- MetaTrader, Pelican Trading, Myfxbook, and ZuluTrade
eToro is a winner for its easy-to-use copy-trading platform, where traders can copy the trades of experienced investors – or receive exclusive perks for sharing their own trading strategies. eToro expertly merges self-directed trading and copy trading under a unified trading experience. Read full review
AvaTrade is a trusted global brand that offers an impressive selection of trading platforms, exceptional educational content, and average pricing and research. Our testing found AvaTrade to be great for copy trading, with AvaSocial, ZuluTrade, and DupliTrade available. Read full review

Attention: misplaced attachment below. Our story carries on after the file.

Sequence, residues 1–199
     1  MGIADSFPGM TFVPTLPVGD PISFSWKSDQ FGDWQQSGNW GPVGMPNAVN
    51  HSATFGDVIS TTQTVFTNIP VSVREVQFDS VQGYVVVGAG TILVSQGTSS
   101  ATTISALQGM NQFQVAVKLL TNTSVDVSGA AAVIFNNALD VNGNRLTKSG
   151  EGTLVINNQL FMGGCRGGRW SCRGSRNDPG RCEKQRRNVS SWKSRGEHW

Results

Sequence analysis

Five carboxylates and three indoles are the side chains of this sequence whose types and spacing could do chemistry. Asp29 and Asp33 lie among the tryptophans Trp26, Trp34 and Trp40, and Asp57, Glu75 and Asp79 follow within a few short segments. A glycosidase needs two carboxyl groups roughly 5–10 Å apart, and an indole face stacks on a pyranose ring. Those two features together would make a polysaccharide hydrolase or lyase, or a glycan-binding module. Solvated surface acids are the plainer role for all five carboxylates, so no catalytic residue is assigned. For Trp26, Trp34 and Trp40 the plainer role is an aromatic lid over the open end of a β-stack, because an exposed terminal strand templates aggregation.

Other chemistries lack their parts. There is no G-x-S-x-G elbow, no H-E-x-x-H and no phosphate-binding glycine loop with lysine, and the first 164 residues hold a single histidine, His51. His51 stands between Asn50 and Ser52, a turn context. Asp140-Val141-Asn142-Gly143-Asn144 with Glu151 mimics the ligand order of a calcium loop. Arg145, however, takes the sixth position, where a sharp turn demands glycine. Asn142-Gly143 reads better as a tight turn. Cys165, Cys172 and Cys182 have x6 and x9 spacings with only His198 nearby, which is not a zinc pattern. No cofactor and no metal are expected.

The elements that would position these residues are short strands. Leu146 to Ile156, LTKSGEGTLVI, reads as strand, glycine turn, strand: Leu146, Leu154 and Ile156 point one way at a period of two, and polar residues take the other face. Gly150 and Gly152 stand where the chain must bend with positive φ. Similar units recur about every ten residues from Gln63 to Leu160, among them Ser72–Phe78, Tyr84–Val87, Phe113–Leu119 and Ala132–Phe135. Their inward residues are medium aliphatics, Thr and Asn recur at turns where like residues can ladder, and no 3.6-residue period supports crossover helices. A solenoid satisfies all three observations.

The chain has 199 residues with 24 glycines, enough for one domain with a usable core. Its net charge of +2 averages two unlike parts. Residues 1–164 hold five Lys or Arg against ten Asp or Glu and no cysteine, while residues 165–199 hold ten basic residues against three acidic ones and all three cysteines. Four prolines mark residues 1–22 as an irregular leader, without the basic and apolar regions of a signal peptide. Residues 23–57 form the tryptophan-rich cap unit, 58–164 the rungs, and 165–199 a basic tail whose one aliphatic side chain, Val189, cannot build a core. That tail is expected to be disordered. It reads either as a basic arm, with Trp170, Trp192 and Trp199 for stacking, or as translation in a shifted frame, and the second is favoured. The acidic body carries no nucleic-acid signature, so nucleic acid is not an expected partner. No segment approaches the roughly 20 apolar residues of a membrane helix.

AvaOptions app is an excellent forex options mobile trading platform
Offers 44 forex options and over 1,200 CFDs
Pricing for retail accounts is average, but trails industry leaders
Desktop platform is slow to load, has outdated design
Pepperstone offers a growing range of tradeable markets, good-quality research, and support for multiple social copy trading platforms. It offers both MetaTrader and cTrader, and its wide range of available third-party tools and plugins enhances its already-impressive suite of available platforms. Read full review
Large selection of third-party copy trading platforms
Competitive pricing for active traders using Razor accounts
Selection of markets trails industry leaders
No interactive courses, progress tracking or educational quizzes
Vantage’s copy trading platform trio includes ZuluTrade, DupliTrade, and Myfxbook’s AutoTrade. While Vantage trails industry leaders in areas such as research and education, its MetaTrader offering is bolstered by content powered by Trading Central and a proprietary mobile app. Read full review